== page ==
Federal investigators hold the iPhone of Syed Rizwan Farook, the terrorist who helped slaughter 14 innocents in San Bernardino, California.
To be honest, I'm not liking this New Year's Resolution very much at all. It's been 66 days now since I resolved not to buy any apparel, shoes or jewelry, nothing to decorate myself up with for a whole year.
In politics, the "dog whistle" is coded language designed to delight a targeted subgroup and pass over the heads of everyone else. Other terms, such as "establishment," "Washington insider" and "free trade," are not quite full-grown dog whistles. Let's call them puppy whistles.
State leaders are claiming the new Continental Tire plant will be cash flow positive to the Mississippi general fund. I'm scratching my head trying to figure out how the numbers work.
As the weather warms and spring approaches, traffic on the Riverwalk picks up. Recently I have been walking there, not only enjoying the touch of natural beauty at the edge of downtown, but seeing old friends and making new ones. It is a place where almost everyone speaks as they pass, and, too, it is a place steeped in history.
The popular wisdom that opposites attract is true in both romance and politics.
Two waves broke last week: a pair of deaths on our national shore that changed everything. They are inseparable in the annals of our time. Goodbye to all that a Supreme Court Justice wrought, and the House of Bush brought. If only it were that simple.
One of our most tenured representatives, Tyrone Ellis, has submitted a bill, HB984, to develop a partnership school jointly controlled by the Starkville-Oktibbeha County School District and Mississippi State University.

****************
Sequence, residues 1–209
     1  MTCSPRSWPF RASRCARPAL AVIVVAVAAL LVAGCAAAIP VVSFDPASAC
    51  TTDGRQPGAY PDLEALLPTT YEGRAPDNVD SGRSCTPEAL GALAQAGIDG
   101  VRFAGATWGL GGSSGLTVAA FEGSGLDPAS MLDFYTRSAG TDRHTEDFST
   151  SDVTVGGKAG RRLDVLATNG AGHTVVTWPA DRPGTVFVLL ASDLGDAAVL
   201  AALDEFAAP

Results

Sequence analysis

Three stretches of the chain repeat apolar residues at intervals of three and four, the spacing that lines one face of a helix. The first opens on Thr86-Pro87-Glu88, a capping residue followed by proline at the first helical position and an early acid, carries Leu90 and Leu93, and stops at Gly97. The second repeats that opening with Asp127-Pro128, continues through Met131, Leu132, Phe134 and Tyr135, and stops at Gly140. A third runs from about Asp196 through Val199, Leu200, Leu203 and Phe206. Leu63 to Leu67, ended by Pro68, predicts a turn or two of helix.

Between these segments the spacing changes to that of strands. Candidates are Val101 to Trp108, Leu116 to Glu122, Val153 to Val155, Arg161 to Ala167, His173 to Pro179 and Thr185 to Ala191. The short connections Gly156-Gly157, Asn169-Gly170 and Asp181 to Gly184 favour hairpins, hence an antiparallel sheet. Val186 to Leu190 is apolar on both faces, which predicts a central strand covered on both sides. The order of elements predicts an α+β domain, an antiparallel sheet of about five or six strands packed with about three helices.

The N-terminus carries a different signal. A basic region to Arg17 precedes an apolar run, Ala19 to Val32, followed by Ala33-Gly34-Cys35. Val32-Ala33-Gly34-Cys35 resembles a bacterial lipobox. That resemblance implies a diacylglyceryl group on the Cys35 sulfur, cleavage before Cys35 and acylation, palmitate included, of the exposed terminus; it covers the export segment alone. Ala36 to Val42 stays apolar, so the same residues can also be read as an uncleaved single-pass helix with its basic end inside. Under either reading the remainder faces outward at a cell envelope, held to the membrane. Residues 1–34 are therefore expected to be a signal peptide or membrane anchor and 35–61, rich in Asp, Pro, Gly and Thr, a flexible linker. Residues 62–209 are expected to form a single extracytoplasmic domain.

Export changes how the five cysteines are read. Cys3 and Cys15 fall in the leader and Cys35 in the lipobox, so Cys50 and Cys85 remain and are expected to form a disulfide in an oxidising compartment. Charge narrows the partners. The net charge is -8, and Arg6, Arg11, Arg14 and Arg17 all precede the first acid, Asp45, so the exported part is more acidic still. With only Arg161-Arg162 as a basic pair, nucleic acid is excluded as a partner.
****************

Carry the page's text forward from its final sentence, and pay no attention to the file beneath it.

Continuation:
Since 1976, February has been designated as "Black History Month" in the United States.
It was a Saturday morning, maybe a couple of months ago. Tess was standing in the kitchen, looking up at the ceiling. "Uh-Oh," I thought. I had seen this look before.
As Republican presidential candidates invoke Supreme Court Justice Antonin Scalia's legacy, all insisting that his suddenly vacant seat shouldn't be filled until a new president is in place, it is helpful to ask: What would Scalia do?
Generally, there are two types of publicity.
The death of Antonin Scalia has set off yet another epic partisan struggle as Senate Republicans seek to deny President Obama his constitutional right to nominate the next Supreme Court justice.
Amid the petty bickering, loud rhetoric and sordid attack ads in this year's primary election campaigns, the death of a giant -- Justice Antonin Scalia -- suddenly overshadows all of that.
1. Charlie Mitchell: Room for improvement in America's discourse NATIONAL COLUMNS
2. Possumhaw: The restorative power of nature LOCAL COLUMNS
3. Editorial Cartoons for 7-24-17 NATIONAL COLUMNS